Health care costs can sink a retirement plan

Advisers need to get ahead of the 'other' retirement crisis and plan for likely expenses

Jun 10, 2014 @ 12:01 am

By Mary Beth Franklin

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(iStock)

What's the biggest cost most retirees will face yet is seldom included in a comprehensive retirement income plan? Retiree health care costs. And that oversight could sink many future retirement plans.

“There is an urgent need to address the retirement health care cost planning gap,” said Ron Mastrogiovanni, founder and chief executive officer of HealthView Services, a provider of retirement health care cost data. “The failure to do so will put millions of Americans' retirement security at risk.”

Despite growing concern about retirement health care costs, many financial advisers and their clients have yet to meaningfully integrate health care costs into retirement plans, Mr. Mastrogiovanni said. In the past, the problem was advisers didn't have the tools to calculate expected health care costs for individuals based on gender, health and other factors such as state of residency and income. Now they do.

Through a partnership with the Insured Retirement Institute, the HealthView Prime cost planning tool is being offered to IRI members of major insurers, asset managers, broker dealers and financial professionals. Individuals can use a free one-click version of the tool to calculate average retirement health care costs.

HealthView Services released a white paper Tuesday that highlights the coming retirement crisis, noting that retirement health care costs are on a path to exceed Social Security benefits for many Americans. The paper also outlines steps advisers can take to mitigate the impact on their clients' retirement plans.

According to HealthView's data, the inflation rate for basic health care is 5% to 7% per year. If this trend continues, the majority of retirees living on a fixed income will not be able to keep pace with health care costs.

For example, a 65-year-old couple living in Massachusetts today would pay about $7,020 for one year of coverage through Medicare Parts A and B, prescription drug coverage under Medicare Part D and a supplemental Medigap policy. But 10 years from now, their one-year health care premiums are projected to balloon to $11,536 — a 64% increase, according to the paper “Addressing the Retirement Health Care Cost Crisis: Cost Management Strategies.”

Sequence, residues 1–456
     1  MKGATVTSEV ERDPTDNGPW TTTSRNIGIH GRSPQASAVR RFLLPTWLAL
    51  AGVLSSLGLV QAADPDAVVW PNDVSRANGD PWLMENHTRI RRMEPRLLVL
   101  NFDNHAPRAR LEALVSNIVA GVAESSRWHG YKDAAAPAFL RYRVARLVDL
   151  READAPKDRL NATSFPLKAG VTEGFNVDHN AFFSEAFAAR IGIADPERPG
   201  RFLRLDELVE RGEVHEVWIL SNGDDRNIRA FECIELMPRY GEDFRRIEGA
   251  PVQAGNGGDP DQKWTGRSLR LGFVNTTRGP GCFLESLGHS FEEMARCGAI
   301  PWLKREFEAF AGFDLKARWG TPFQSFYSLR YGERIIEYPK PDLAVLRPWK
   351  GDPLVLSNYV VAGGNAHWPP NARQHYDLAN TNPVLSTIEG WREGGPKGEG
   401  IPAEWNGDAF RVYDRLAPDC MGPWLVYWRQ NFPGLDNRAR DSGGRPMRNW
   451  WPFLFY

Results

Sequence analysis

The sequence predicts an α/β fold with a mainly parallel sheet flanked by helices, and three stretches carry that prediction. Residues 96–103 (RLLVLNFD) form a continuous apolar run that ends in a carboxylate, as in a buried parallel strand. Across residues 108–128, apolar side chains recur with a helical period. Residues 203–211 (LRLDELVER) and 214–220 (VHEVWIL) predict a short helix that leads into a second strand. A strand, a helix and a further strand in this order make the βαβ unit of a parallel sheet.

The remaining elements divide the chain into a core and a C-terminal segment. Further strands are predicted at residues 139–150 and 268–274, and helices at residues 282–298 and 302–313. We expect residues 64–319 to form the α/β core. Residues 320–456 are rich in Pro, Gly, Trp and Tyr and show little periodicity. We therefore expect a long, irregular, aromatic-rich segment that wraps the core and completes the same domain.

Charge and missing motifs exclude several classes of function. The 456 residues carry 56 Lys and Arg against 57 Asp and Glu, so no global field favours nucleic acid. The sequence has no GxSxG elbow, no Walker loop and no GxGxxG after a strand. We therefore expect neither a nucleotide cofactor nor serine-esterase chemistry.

The problem only worsens over time. The HealthView paper shows that a 55-year-old couple today could expect their health care costs to nearly double from $11,536 during their first year in retirement to $22,981 10 years later.

Advisers need to be aware that Medicare premiums are means-tested. Higher-income retirees pay larger monthly premiums for Medicare Part B, which covers doctors' visits and out-patient services, and Medicare Part D, which pays for prescription drugs.

Advisers also need to understand that the modified adjusted gross income (MAGI) used to calculate those higher surcharges applies to all income, including the taxable portion of Social Security benefits and interest on municipal bonds that is not subject to federal income tax.

Higher monthly premiums apply to Medicare Parts B and D when MAGI exceeds $85,000 for individuals and $170,000 for married couples. There are four surcharge brackets.

“By smartly utilizing products currently available to investors that moderate MAGI thresholds, advisers may save affluent retirees $100,000 or more in retirement expenses,” Mr. Mastrogiovanni said. For example, income generated by using the loan provision of a cash-value life insurance policy or distributions from a Roth IRA are not included in the MAGI income calculation. Neither are distributions from a health savings account.

Although the vast majority of Medicare beneficiaries pay the standard $104.90 per month for Medicare part B, more than one-third of advisory clients are likely to pay higher Medicare premiums, Mr. Mastrogiovanni said.

Therefore, it is critical that advisers understand that their traditional drawdown strategy of claiming reduced Social Security benefits early and tapping investment accounts first in order to allow retirement accounts to continue to grow tax-deferred is creating a ticking time bomb for future retirement health care costs.

Large required minimum distributions from IRAs could push clients into higher Medicare premium brackets — which are not indexed for inflation. And, after one spouse dies, the surviving spouse may pay even higher premiums as his or her income remains the same, but premiums are based on the lower income threshold used for singles.

“We've been in the accumulation business for a long time and as an industry, we've done an extremely good job,” Mr. Mastrogiovanni said. “But as the market segment with the most invested dollars moves into the decumulation phase, the most competitive advisers are going to be those who focus on how to optimize Social Security benefits and mitigate rising health care costs,” he said.

(Questions about Social Security? Find the answers in my new ebook available at www.investmentnews.com/MBFebook for $19.95.)

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